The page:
CD Release - Good morning, Vietnam

Stan Satin has a recurring dream where he's holding a record by his former, Atlanta-based new wave band Vietnam. Each morning he wakes up empty-handed. "One of my biggest regrets is that we never put out a record," says Satin. "We could have done it ourselves, but there was always a hint that someone was going to sign us. It didn't happen."

Vocalist/saxophonist Satin, bassist Tim Hunter and guitarist Drew Davidson (who is now deceased) formed Vietnam in 1980 at the height of Athens' heyday in the alternative-rock limelight. "The '70s sucked and 1980 seemed so fresh," Satin continues. "This really felt like the center of the musical universe."

The group cycled through as many as 13 members, including Sue Garner, who went on to record with '90s experimental indie-rock groups Run On and Fish & Roses, and later as a solo artist for Thrill Jockey Records.

Vietnam shared stages with the likes of Public Image Ltd., the Gun Club and John Cale, along with Athens peers Pylon and Method Actors. Satin's blaring saxophone work amid a framework of dark, post-industrial punk and no-wave grind drew comparisons to everyone from Cabaret Voltaire to the Contortions.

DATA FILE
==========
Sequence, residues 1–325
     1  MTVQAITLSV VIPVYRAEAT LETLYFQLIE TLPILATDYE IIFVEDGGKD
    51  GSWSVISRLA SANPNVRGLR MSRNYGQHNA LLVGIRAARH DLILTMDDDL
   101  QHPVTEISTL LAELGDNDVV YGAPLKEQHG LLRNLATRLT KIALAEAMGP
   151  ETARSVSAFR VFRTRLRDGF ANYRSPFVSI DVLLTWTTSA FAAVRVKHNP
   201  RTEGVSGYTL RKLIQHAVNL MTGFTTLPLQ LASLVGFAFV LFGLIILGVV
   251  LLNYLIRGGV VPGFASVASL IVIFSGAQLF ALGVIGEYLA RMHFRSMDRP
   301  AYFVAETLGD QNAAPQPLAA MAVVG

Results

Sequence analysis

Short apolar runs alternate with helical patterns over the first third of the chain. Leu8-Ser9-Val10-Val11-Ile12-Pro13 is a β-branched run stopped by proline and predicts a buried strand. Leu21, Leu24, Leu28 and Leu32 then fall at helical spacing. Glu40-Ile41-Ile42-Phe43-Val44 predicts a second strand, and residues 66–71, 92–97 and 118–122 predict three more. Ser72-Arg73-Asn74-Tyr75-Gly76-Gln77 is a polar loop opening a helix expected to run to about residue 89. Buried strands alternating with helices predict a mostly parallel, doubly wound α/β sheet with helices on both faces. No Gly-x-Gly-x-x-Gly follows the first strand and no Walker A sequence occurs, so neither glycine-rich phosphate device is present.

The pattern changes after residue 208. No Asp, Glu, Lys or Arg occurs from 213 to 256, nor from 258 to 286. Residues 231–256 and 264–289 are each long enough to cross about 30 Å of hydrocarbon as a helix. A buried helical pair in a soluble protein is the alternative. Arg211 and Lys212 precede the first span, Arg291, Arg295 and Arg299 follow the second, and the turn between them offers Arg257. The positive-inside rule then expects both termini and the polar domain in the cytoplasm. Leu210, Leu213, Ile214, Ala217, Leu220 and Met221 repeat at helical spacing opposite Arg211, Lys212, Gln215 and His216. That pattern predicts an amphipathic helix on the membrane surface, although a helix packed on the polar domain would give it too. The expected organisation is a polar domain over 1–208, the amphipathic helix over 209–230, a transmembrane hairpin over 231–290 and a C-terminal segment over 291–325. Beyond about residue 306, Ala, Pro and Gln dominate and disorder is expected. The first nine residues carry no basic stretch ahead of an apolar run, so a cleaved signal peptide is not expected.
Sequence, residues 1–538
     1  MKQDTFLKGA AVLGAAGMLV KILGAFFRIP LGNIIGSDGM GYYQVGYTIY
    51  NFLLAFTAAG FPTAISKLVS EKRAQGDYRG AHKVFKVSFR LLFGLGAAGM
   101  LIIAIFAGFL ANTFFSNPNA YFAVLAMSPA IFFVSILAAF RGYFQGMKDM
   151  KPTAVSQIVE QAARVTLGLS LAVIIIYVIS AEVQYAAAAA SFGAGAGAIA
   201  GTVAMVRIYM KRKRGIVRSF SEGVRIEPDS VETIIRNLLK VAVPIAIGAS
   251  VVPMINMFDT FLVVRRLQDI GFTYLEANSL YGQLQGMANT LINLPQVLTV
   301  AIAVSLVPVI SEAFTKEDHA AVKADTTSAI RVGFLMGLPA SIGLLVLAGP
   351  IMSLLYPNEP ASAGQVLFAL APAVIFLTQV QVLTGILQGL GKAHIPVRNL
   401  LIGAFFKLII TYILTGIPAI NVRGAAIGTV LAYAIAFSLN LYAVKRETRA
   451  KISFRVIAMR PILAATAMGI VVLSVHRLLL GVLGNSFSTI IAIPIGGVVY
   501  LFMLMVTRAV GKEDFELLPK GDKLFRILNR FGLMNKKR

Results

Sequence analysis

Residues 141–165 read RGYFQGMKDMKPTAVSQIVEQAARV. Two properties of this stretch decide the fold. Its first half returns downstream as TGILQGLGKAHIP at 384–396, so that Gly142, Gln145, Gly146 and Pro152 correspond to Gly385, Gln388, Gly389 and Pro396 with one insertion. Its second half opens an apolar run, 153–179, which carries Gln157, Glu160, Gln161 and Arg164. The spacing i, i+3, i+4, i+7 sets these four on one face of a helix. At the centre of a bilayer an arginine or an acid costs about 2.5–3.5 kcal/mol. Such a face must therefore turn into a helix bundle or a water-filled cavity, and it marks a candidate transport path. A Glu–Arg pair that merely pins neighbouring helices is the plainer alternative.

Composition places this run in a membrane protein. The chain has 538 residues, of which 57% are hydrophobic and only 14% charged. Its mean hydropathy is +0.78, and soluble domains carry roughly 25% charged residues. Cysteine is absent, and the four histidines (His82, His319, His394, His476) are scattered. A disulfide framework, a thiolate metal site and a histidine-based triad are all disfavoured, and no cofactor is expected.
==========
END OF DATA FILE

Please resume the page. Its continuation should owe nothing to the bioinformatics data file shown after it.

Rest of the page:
Twenty-five years after the group's initial burst of songwriting, the material has finally been released. In December, Satin's Scared Records label released the first concrete documentation of Vietnam, a CD titled Past Away. The label is home to other forgotten locals including Atlanta's first punk band, the Restraints; Subliminator; and Front Street, featuring Will Fratesi (Hubcap City, Tenement Halls) and Greg Connors.

Posters for the CD tout Past Away as "the debut recording from Vietnam" without a hint of irony. The songs were recorded in 2000, and after having plenty of time to work out the kinks, Past Away crystallizes as a brilliant and cohesive snapshot of Vietnam. Although it's not an actual record, the CD makes Satin's dream a partial reality. "I do plan on putting together a compilation of the original recordings, including some live stuff," he adds. "I'd love to do it on vinyl."